And why is he the way, the truth and the life? Marcus Borg says: “The way is the path of dying to an old way of being and being born into a new way of being, and it’s the only way to God.”  That’s what God is all about. It’s the opposite of power and money and acquiring and defending ourselves – all those things that come so naturally to any of us. An old way of being.

Marcus Borg tells a story to illustrate. “The same point was made in a sermon preached by a Hindu professor in a Christian seminary several decades ago. The text for the day included the "one way" passage, and about it [this Hindu professor] said, "This verse is absolutely true--Jesus is the only way." Then, he continued, "And that way--of dying to an old way of being and being born into a new way of being--is known in all of the religions of the world."  The "way" of Jesus is a universal way, known even to millions who have never heard of Jesus, to love the Lord with all your heart, strength and mind, and your neighbor as yourself.

“The way of Jesus is thus not a set of beliefs about Jesus. The fact that people ever thought it was is strange, if you think about it--as if one entered new life by believing certain things to be true, or as if the only people who can be loved by God are those who know the word "Jesus." Thinking that way virtually amounts to salvation by syllables.”


Sometimes this way of dying to an old way, the truth of death and resurrection, means putting aside the thing that has gnawed at us for years even though it has given a certain status in our own eyes, and when we do, we find possibilities for living that we had forgotten all about.  Jesus is the way, the truth and the life then.

Sometimes this way of dying to an old way, the truth of death and resurrection, means giving up all those stories we all have about what so and so did, or said way back when, or maybe only last week, that clearly is meant to put us in a better light but which ends up alienating us from friends and neighbors; and when we do, we see that God loves us for who we are, not for what other people aren’t, and for what we can still do to make the world a better place.  Jesus is the way, the truth and the life then.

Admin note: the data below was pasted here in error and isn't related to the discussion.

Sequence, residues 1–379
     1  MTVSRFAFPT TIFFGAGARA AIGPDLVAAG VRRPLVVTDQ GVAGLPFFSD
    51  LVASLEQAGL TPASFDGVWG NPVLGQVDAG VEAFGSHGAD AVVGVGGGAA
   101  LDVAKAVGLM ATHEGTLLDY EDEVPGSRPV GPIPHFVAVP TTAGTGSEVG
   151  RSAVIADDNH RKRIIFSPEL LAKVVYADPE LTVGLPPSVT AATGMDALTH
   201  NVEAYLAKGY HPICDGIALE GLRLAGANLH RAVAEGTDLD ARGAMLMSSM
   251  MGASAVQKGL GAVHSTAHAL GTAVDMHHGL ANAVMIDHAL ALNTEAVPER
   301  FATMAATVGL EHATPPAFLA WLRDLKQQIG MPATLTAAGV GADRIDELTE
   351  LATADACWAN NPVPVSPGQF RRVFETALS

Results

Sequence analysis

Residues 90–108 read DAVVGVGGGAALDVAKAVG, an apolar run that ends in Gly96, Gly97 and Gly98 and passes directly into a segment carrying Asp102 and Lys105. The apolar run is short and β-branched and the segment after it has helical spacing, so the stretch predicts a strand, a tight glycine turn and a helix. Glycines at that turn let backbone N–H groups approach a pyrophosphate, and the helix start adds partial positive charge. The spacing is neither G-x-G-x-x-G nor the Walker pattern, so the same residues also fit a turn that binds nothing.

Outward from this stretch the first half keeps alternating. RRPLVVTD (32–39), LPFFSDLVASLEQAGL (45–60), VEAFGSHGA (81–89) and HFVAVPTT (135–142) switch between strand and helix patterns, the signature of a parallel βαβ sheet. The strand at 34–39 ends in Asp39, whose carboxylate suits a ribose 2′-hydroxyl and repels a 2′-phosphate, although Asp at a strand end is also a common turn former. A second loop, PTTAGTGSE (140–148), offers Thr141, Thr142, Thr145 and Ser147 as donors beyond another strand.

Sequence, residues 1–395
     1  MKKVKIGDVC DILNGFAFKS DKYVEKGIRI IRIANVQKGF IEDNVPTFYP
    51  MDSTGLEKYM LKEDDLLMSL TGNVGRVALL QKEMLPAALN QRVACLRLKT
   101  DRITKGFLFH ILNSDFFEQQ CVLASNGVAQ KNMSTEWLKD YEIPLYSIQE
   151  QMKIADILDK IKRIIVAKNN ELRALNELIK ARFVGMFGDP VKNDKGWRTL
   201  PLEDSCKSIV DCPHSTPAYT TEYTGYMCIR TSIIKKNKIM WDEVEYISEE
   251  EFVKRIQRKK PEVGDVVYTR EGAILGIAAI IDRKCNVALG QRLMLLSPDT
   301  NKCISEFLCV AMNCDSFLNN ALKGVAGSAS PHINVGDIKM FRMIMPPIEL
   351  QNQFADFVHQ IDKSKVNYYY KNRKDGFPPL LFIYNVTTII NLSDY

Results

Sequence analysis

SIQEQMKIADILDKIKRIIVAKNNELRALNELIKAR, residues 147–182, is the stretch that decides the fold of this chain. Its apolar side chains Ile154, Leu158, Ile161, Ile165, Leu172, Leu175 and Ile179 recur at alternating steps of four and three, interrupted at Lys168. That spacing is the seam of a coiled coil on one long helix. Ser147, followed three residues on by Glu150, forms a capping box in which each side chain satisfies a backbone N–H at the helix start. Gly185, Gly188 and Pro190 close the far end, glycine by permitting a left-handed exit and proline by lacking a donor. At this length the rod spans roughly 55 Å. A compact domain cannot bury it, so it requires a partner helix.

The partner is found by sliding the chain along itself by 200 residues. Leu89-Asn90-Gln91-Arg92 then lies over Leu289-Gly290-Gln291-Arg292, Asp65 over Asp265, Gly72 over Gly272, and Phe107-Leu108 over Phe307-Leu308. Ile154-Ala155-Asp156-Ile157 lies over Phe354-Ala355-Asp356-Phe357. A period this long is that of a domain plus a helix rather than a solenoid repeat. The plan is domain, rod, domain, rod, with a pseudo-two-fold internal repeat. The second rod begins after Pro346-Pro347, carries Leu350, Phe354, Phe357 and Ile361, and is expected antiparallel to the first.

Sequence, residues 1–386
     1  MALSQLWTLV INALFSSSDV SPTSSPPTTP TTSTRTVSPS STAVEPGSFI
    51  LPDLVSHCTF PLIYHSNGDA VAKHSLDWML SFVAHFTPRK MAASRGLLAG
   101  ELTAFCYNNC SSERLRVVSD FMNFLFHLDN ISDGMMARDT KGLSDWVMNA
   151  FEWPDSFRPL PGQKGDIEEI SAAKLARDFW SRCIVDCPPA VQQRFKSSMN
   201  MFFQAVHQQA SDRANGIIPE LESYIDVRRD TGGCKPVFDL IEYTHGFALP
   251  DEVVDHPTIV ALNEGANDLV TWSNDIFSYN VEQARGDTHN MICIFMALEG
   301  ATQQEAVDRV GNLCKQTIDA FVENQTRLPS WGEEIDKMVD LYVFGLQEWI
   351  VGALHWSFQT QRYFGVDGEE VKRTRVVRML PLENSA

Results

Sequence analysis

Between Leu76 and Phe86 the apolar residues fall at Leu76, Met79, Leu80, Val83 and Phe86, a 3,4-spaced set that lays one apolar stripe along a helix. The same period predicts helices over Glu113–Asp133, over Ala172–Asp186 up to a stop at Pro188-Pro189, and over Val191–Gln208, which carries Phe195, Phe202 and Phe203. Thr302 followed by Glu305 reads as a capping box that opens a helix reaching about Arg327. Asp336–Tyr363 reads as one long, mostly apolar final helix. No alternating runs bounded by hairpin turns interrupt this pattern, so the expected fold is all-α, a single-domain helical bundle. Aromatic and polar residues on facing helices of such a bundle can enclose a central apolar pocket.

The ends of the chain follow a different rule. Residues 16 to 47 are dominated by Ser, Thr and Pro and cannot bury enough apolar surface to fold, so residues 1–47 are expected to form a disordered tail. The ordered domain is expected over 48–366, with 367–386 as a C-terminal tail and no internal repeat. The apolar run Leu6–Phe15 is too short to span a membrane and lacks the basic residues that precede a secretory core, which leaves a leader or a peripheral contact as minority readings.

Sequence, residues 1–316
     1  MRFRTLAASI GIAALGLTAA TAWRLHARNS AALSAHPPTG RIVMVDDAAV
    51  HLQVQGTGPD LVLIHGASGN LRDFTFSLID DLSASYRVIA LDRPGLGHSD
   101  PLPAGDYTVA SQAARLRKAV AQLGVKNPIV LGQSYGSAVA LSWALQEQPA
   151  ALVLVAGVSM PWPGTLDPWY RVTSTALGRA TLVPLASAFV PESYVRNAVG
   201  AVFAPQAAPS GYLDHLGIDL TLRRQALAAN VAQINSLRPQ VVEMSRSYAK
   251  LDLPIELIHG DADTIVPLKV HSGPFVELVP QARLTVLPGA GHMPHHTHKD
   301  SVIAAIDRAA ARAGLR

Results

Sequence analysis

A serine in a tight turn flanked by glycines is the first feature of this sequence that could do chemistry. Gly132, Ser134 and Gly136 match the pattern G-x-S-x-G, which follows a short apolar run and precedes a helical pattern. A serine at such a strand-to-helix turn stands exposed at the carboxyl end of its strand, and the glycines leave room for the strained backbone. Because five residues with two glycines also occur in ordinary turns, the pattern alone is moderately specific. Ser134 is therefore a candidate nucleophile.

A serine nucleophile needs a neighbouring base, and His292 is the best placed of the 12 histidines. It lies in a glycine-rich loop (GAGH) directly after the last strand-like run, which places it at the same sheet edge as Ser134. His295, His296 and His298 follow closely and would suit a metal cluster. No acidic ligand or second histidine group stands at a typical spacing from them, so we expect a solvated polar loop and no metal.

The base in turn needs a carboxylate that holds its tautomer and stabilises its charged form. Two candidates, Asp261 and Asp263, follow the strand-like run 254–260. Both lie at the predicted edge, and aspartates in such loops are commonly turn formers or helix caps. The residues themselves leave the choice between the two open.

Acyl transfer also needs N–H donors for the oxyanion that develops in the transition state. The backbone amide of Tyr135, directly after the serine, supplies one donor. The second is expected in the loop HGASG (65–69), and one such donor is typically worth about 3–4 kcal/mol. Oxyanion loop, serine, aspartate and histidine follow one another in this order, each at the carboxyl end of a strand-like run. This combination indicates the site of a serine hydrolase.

Sometimes this way of dying to an old way, the truth of death and resurrection, means dying to our old fears that we won’t be loved, and our unceasing quest for more and more things, as if having it all could somehow make us more ready to die; and instead live lives of generosity, stand up in the public sphere for generosity and hope for all, and trust that if we don’t have it all, maybe someone else will have what they need to live at all. Jesus is the way, the truth and the life then.

Rachael, today you join of your own accord this way, this truth and this life.  But it’s not because you believe the right things.  As Fred Buechner says, “Some think of a Christian as one who necessarily believes certain things. That Jesus was the son of God, say. Or that Mary was a virgin. Or that the Pope is infallible. Or that all other religions are all wrong.

“Some think of a Christian as one who necessarily does certain things. Such as going to church. Getting baptized. Giving up liquor and tobacco. Reading the Bible. Doing a good deed a day. [Mind you, these aren’t bad things.  But they’re not the essential thing.]

“Some think of a Christian as just a Nice Guy [or Gal].
“[But Jesus himself didn’t say] that any particular ethic, doctrine, or religion was the way, the truth, and the life. He said that he was. …He said that it was only by him – by living, participating in, being caught up by, the way of life that he embodied, that was his way.

“[As the opening meditation in your bulletin says,] A Christian is one who is on the way, though not necessarily very far along it, and who has at least some dim and half-baked idea of whom to thank.”
The way, the truth and the life – it’s all about whom we thank. It’s not salvation by syllables!  It’s salvation by emphasis, the One who is emphatically for you!